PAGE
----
Bronx Made & Iconic New York Public Library Lion Statues, Patience & Fortitude to Get Repairs

108 years ago, the Italian brothers known as the Piccirilli Brothers carved one of New York City’s most iconic statues: The lions standing guard at the New York Public Library’s main branch known as Patience and Fortitude.

Now these treasures will soon be undergoing routine maintenance and work and will be covered up as they are cleaned along with minor repairs due to age and weathering like small cracks here and there.

Patience and Fortitude stand guard at the New York Public Library’s main branch on 5th Avenue/Image via NYPL

The project costs the library $250,000 and lasts roughly 9 weeks according to NYPL.

amNY writes:

“We love the lions here at the library, they really are our mascots,” said Iris Weinshall, chief operating officer of the New York Public Library. “But they are out there in the cold and the rain and the snow … every seven or eight years they have to go to the spa.”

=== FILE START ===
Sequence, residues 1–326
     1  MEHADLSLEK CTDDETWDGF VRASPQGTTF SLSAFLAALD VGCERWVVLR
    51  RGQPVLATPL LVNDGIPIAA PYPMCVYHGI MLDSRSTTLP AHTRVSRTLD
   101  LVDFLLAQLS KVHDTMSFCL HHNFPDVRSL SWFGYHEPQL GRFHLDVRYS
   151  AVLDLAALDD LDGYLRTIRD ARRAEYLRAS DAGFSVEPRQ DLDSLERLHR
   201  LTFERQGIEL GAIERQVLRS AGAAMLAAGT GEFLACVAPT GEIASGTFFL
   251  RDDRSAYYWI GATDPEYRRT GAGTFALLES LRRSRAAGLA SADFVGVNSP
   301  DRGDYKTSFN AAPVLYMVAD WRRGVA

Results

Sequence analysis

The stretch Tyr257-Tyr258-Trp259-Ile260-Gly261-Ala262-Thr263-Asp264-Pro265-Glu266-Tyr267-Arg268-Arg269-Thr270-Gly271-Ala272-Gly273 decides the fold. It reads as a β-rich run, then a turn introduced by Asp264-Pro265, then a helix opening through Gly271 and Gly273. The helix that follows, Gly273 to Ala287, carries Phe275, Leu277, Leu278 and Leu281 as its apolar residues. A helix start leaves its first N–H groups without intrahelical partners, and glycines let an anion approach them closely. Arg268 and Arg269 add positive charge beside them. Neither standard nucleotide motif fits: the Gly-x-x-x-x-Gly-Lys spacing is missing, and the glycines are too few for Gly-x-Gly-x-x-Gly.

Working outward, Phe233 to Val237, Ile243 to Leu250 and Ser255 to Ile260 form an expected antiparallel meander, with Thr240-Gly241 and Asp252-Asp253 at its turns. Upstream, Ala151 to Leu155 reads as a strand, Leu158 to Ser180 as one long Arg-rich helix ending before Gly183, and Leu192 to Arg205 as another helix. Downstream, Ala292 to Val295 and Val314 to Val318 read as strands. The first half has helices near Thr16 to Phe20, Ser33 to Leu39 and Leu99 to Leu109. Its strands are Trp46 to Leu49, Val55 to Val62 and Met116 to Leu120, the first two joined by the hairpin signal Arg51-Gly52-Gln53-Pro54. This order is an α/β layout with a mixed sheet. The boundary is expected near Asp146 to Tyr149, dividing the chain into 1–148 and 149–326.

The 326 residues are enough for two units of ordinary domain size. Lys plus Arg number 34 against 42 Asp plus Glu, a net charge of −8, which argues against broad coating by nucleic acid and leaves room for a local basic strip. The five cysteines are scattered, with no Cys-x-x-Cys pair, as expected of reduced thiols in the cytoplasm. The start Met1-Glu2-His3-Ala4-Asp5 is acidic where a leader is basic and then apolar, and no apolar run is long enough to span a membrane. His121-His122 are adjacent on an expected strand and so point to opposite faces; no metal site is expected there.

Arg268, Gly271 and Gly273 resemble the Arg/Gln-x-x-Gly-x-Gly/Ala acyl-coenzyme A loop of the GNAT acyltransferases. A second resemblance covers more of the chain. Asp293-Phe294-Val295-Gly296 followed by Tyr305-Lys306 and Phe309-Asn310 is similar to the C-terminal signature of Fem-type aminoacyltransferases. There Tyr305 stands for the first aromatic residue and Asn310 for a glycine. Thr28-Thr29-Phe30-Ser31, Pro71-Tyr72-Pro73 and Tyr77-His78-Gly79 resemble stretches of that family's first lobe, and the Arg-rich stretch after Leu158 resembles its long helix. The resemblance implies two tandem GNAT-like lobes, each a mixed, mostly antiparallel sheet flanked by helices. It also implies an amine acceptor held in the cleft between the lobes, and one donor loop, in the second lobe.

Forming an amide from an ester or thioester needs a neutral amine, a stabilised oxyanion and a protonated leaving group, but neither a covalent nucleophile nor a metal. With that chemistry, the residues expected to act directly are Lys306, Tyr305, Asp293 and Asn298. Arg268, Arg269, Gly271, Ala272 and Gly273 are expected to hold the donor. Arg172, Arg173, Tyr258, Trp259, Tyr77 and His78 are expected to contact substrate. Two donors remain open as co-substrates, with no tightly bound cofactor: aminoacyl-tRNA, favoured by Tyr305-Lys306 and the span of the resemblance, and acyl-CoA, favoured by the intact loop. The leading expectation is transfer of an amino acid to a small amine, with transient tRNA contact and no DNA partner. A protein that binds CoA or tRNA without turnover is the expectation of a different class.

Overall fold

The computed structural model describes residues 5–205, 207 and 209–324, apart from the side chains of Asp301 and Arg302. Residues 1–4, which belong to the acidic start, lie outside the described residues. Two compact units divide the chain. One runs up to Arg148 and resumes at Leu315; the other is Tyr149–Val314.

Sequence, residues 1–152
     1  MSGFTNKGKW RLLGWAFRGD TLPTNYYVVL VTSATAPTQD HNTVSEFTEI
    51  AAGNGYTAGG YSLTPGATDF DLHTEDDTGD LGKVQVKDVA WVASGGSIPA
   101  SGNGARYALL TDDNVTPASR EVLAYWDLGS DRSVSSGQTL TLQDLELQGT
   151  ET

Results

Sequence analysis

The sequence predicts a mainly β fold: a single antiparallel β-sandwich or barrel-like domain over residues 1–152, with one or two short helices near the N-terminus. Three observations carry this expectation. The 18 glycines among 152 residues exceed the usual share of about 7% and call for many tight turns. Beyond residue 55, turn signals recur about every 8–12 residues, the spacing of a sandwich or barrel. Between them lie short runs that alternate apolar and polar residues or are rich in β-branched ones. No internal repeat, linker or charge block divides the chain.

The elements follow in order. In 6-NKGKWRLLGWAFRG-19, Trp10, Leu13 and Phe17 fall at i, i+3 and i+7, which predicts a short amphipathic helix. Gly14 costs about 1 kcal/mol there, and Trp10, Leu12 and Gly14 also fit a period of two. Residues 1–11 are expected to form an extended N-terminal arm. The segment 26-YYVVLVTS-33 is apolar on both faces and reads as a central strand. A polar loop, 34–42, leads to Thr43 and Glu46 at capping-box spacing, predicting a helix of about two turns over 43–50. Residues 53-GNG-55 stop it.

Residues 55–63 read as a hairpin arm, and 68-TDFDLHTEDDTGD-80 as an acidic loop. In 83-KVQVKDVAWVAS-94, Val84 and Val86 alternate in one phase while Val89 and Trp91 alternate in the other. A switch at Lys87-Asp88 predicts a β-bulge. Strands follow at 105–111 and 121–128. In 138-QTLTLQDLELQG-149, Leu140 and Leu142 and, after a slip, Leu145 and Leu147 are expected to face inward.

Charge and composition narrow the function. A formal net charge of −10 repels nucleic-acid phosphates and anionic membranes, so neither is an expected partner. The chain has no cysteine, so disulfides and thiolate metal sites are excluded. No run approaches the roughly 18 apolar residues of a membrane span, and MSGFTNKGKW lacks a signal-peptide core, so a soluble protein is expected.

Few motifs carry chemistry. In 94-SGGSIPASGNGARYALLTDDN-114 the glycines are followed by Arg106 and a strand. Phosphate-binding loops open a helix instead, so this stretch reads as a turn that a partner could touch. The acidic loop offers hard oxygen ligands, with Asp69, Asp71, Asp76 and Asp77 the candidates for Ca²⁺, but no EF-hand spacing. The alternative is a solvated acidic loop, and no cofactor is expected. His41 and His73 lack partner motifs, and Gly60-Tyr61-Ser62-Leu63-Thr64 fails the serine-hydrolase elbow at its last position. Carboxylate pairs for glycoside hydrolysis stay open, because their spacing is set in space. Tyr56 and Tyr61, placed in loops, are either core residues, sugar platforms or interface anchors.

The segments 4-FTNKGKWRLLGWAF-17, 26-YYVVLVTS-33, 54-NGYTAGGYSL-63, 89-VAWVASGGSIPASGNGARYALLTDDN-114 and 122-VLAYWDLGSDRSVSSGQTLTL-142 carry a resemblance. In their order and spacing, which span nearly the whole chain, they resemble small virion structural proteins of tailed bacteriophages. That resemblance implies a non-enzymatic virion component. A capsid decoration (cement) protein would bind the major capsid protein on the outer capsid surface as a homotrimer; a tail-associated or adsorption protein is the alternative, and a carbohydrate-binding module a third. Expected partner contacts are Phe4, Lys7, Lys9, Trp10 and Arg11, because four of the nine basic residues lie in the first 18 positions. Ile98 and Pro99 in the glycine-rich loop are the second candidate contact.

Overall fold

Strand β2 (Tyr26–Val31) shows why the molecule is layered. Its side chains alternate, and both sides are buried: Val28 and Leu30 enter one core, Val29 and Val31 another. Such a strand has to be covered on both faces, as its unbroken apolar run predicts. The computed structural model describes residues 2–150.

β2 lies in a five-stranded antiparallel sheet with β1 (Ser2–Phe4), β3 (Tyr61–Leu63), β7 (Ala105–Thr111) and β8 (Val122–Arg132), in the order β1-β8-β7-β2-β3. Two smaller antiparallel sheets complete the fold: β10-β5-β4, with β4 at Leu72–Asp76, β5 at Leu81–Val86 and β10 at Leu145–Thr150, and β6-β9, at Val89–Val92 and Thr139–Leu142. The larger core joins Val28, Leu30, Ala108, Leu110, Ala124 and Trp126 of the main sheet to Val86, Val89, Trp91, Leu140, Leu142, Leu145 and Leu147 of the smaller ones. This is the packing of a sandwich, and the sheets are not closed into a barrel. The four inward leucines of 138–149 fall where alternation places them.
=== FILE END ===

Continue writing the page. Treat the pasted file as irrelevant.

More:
Caring for the beloved beasts, carved from pink Tennessee marble, is no easy feat. The library hires experts to evaluate the condition of the lions and then perform delicate work to keep them clean and shore up any cracks in their bodies.

Meanwhile over at the Daily News they report:

“The lions have earned some time at the spa,” New York Public Library President Anthony Marx said in a statement.

“For over 100 years, they have stoically guarded our building on bustling Fifth Ave., delighting visitors and providing calm hope at all times that with knowledge we will prevail,” he said. “They are the true kings of this city, beloved by all. As great stewards of this building, it is critical that we maintain the lions and ensure that they are strong to inspire everyone for generations to come.”

Glad they’re taking care of these treasures.

Oh, did you know that the Piccirilli Brothers also carved Abraham Lincoln’s statue at the Lincoln Memorial in DC?

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Ed García Conde

Ed García Conde is a life-long Bronxite who spends his time documenting the people, places, and things that make the borough a special place in the hopes of dispelling the negative stereotypes associated with The Bronx. His writings are often cited by mainstream media and is often consulted for his expertise on the borough's rich history.